The American Society of Civil Engineers released its 2014 Report Card for Pennsylvania’s infrastructure today.
The grades aren’t anything to write home about. Pennsylvania got 7 ‘Ds’, 6 ‘Cs,’ and 3 ‘Bs’. No As.
The overall grade of C minus is unchanged from the last report in 2010 and slightly above last year’s national average of D plus.
Jason Bowes is president of the Central PA section of the American Society of Civil Engineers, the group that puts out the report card.
“It’s good to on par or average. It’s certainly better than a failing grade. But it’s still unacceptable and we need to work to bring those grades up,” he said.
Bowes said the key to improvement is more awareness of deficiencies and more funding—like the transportation funding bill Gov. Gorbett signed into law November of last year.
“Act 89 is a comprehensive, unprecedented transportation funding bill. More than we’ve done in Pennsylvania in decades. It’s hard to say how far the grade will come up, but we do anticipate that grade improving,” said Bowes.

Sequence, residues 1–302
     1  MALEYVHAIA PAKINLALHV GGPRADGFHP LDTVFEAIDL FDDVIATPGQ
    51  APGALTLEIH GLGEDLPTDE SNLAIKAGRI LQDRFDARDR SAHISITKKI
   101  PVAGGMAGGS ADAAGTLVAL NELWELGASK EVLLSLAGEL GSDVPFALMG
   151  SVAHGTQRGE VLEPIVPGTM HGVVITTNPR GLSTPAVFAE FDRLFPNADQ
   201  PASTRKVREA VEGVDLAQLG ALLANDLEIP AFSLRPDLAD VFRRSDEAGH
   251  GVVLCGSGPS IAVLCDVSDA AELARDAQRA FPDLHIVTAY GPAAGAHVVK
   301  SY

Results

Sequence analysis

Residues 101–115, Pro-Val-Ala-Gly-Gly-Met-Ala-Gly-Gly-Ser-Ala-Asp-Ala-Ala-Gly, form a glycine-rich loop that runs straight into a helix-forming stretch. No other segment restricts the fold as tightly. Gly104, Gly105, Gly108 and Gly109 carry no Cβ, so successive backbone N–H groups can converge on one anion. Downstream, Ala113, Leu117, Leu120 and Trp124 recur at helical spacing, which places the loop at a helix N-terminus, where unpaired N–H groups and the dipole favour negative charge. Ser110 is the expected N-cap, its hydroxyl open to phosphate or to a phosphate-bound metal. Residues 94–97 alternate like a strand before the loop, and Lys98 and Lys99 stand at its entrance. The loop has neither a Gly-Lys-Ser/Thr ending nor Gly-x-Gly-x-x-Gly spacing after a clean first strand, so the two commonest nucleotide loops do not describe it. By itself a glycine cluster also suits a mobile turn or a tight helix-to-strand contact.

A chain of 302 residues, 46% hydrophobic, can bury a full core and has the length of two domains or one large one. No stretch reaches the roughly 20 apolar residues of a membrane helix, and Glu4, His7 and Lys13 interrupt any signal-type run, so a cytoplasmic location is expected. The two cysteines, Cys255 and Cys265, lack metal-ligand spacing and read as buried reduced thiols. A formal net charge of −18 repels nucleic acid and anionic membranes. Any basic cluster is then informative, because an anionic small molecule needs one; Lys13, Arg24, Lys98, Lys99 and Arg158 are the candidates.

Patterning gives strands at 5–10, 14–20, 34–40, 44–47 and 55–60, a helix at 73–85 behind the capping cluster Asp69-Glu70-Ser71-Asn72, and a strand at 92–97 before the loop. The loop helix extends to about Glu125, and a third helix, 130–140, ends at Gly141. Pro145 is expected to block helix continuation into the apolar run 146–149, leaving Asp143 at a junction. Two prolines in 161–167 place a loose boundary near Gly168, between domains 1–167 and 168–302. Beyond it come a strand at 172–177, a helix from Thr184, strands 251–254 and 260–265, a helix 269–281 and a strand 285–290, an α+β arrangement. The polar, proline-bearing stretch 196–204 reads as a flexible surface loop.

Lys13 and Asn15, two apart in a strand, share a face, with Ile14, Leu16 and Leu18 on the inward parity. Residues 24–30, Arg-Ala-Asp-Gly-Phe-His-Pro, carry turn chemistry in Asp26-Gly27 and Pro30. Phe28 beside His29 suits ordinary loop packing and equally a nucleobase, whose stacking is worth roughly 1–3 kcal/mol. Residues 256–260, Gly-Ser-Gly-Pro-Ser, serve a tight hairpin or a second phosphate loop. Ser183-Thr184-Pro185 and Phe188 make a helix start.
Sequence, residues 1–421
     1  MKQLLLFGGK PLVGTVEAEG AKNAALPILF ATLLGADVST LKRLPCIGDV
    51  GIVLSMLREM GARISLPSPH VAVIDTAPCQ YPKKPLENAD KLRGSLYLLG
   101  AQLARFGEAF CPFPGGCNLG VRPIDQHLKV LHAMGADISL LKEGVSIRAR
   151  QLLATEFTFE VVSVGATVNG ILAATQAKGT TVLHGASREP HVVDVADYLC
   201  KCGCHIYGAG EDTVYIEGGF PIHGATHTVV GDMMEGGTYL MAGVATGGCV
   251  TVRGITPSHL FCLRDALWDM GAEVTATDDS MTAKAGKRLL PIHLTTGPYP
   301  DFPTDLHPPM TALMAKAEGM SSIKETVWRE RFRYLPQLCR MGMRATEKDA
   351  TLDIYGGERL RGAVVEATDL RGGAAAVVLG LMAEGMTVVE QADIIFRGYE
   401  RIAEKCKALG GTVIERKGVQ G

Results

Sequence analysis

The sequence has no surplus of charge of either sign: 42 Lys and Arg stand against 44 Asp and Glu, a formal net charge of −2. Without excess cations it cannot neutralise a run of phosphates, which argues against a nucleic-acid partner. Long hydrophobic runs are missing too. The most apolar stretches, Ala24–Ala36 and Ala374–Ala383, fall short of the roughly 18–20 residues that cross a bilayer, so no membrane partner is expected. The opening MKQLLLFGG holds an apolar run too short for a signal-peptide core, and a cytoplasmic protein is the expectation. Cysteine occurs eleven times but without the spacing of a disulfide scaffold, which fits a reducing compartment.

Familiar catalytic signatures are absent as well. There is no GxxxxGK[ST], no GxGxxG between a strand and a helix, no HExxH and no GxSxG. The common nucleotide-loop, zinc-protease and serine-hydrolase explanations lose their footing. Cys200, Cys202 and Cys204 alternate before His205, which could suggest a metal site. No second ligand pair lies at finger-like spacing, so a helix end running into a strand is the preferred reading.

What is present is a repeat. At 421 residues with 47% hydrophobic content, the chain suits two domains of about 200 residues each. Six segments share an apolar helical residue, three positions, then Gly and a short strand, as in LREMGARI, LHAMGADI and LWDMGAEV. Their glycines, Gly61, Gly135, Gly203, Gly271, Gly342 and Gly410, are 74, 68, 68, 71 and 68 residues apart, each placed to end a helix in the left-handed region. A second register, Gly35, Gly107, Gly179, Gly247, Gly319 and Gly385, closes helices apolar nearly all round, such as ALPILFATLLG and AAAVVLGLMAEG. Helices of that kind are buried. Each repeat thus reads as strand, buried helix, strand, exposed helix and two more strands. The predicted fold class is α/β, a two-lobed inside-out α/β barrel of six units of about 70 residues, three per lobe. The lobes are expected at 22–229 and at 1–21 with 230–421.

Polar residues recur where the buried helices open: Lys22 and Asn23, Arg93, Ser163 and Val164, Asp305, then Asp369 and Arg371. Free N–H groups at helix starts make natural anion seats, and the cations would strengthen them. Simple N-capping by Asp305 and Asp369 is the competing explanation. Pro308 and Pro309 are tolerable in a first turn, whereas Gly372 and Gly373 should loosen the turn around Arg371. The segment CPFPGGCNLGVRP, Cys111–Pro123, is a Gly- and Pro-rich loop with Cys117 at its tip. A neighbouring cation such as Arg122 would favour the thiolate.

Bowes said it’s still too early to see any impact from the bill in this year’s report.
The best grades—a B and two B minuses—went to freight rail, hazardous waste, and parks and recreation. The worst—D minuses—were given to roads and wastewater treatment. Pennsylvania’s traffic fatalities rating is significantly worse than the national average. And the state has the most combined sewer overflows—and the highest percentage of structurally deficient bridges—in the country.
The American Society of Civil Engineers puts out state and national report cards every four years. See the full report.